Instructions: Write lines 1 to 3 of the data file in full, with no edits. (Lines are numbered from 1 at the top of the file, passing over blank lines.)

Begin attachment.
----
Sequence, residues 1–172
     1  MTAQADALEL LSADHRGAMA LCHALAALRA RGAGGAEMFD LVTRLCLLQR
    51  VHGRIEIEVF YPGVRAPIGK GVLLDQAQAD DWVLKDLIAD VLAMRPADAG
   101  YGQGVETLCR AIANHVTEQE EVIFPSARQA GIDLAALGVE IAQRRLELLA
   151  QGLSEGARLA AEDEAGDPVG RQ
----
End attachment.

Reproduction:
Sequence, residues 1–172
     1  MTAQADALEL LSADHRGAMA LCHALAALRA RGAGGAEMFD LVTRLCLLQR
    51  VHGRIEIEVF YPGVRAPIGK GVLLDQAQAD DWVLKDLIAD VLAMRPADAG